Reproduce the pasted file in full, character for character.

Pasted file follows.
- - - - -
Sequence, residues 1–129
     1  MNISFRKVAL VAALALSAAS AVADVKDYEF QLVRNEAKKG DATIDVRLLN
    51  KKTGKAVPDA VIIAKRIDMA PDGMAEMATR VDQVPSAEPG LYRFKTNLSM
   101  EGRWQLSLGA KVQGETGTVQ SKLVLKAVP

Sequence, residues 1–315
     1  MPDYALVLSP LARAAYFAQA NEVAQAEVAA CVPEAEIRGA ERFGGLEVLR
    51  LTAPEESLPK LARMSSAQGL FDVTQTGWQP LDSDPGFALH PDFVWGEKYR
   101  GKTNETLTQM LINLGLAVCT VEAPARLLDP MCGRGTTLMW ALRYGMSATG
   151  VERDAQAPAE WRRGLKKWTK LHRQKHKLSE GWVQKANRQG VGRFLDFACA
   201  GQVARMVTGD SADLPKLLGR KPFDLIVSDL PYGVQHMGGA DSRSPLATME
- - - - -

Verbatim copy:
Sequence, residues 1–129
     1  MNISFRKVAL VAALALSAAS AVADVKDYEF QLVRNEAKKG DATIDVRLLN
    51  KKTGKAVPDA VIIAKRIDMA PDGMAEMATR VDQVPSAEPG LYRFKTNLSM
   101  EGRWQLSLGA KVQGETGTVQ SKLVLKAVP

Sequence, residues 1–315
     1  MPDYALVLSP LARAAYFAQA NEVAQAEVAA CVPEAEIRGA ERFGGLEVLR
    51  LTAPEESLPK LARMSSAQGL FDVTQTGWQP LDSDPGFALH PDFVWGEKYR
   101  GKTNETLTQM LINLGLAVCT VEAPARLLDP MCGRGTTLMW ALRYGMSATG
   151  VERDAQAPAE WRRGLKKWTK LHRQKHKLSE GWVQKANRQG VGRFLDFACA
   201  GQVARMVTGD SADLPKLLGR KPFDLIVSDL PYGVQHMGGA DSRSPLATME